Kerry Acknowledges CCP Human Rights Abuses Present ‘Problem’ for US Climate Strategy

The Biden administration’s climate envoy, John Kerry, acknowledged Wednesday that reports of forced labor central to the Chinese Communist Party’s (CCP) green energy policies present a “problem” to the national climate strategy.

Kerry made the remarks during a House Foreign Affairs Committee hearing in response to comments from Rep. Michael McCaul (R-Texas) about a damning report from Bloomberg that revealed some solar products sourced from Xinjiang, including polysilicon, are made using forced labor.

Polysilicon is the key raw material used to produce solar panels that generate electricity from sunlight. Three factories in Xinjiang collectively produce nearly half the world’s polysilicon supply, Bloomberg reported.

“When you look at the supply chain, when you look at China, they dominate the critical mineral supply and solar supply chains all coming out of Xinjiang Province,” McCaul, the lead Republican on the House Foreign Affairs Committee, said of the issue.

In response, Kerry said McCaul was “absolutely correct” that it is a problem.

“Xinjiang province not only produces some solar panels that we believe, in some cases, are being produced with forced labor by Uyghurs, but also there are significant amounts of a certain rare earth mineral that’s used in the solar panels themselves,” the U.S. special envoy on climate responded.

“It is my understanding that the Biden administration is right now in the process of assessing whether or not that would be the target of sanctions,” Kerry added. “I’ve heard some discussion about it. I’m not privvy to where that decision is at this point in time but I can tell you that nothing can be traded. And I’ve made that very clear, President Biden has made it very clear.”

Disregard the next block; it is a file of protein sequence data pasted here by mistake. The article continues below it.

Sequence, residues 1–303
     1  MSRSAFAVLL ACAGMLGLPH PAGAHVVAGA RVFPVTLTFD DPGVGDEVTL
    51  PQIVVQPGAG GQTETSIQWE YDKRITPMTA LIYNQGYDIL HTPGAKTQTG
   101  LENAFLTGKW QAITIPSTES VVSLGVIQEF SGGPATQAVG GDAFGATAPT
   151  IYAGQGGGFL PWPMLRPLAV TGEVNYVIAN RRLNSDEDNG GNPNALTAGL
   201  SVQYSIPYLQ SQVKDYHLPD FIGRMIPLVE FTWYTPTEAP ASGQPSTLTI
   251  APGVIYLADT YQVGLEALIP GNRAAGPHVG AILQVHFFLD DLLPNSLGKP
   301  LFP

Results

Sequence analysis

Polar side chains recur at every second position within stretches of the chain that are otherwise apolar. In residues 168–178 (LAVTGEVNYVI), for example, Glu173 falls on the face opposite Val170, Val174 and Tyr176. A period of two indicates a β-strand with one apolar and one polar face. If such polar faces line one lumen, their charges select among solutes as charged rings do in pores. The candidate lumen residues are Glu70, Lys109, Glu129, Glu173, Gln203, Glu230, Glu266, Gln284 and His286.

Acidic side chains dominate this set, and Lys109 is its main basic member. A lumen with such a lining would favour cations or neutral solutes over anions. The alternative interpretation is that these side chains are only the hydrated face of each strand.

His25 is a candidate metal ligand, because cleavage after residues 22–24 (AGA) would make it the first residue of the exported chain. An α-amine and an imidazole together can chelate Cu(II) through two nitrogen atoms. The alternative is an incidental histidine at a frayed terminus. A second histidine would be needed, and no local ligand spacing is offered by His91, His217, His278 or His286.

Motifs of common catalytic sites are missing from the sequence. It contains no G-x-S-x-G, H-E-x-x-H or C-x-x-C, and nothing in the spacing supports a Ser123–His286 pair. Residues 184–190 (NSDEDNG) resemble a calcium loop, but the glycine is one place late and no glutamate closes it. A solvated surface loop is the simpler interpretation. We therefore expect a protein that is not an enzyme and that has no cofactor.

McCaul during the hearing urged Kerry not to ignore the CCP’s human rights abuses in making a potential climate deal, after China and the United States pledged to cooperate on fighting climate change when Kerry traveled to China last month. Kerry’s trip was criticized by several Republican lawmakers, saying it was a fruitless endeavor.

The lawmaker noted that China is the world’s leading greenhouse gas emitter and is responsible for almost 30 percent of global emissions.

A report published on May 6 by New York-based research firm Rhodium Group found that China alone was responsible for over 27 percent of total global emissions, with the United States being a distant second at 11 percent. India was ranked third with 6.6 percent, followed by the 27-country bloc of the European Union at 6.4 percent.

McCaul in March urged the Biden administration to add the People’s Republic of China (PRC) entities connected to the polysilicon supply chain to the U.S. Entity List, and cautioned Kerry about negotiating with the CCP on climate.

“There are clear ties between the polysilicon supply chains in the Xinjiang Uyghur Autonomous Region and forced labor. That’s why I’m calling on the Commerce Department to comprehensively add PRC entities connected to the polysilicon supply chain, including [polysilicon factory] GCL-Poly, to the Entity List and for U.S. Customs and Border Protection to issue a withhold release order for polysilicon products from Xinjiang,” he said in a statement on March 17.

Companies or others listed on the U.S. Entity List are required to apply for licenses from the Commerce Department and face tough scrutiny when they seek permission to receive items from U.S. suppliers.

Frank Fang contributed to this report.

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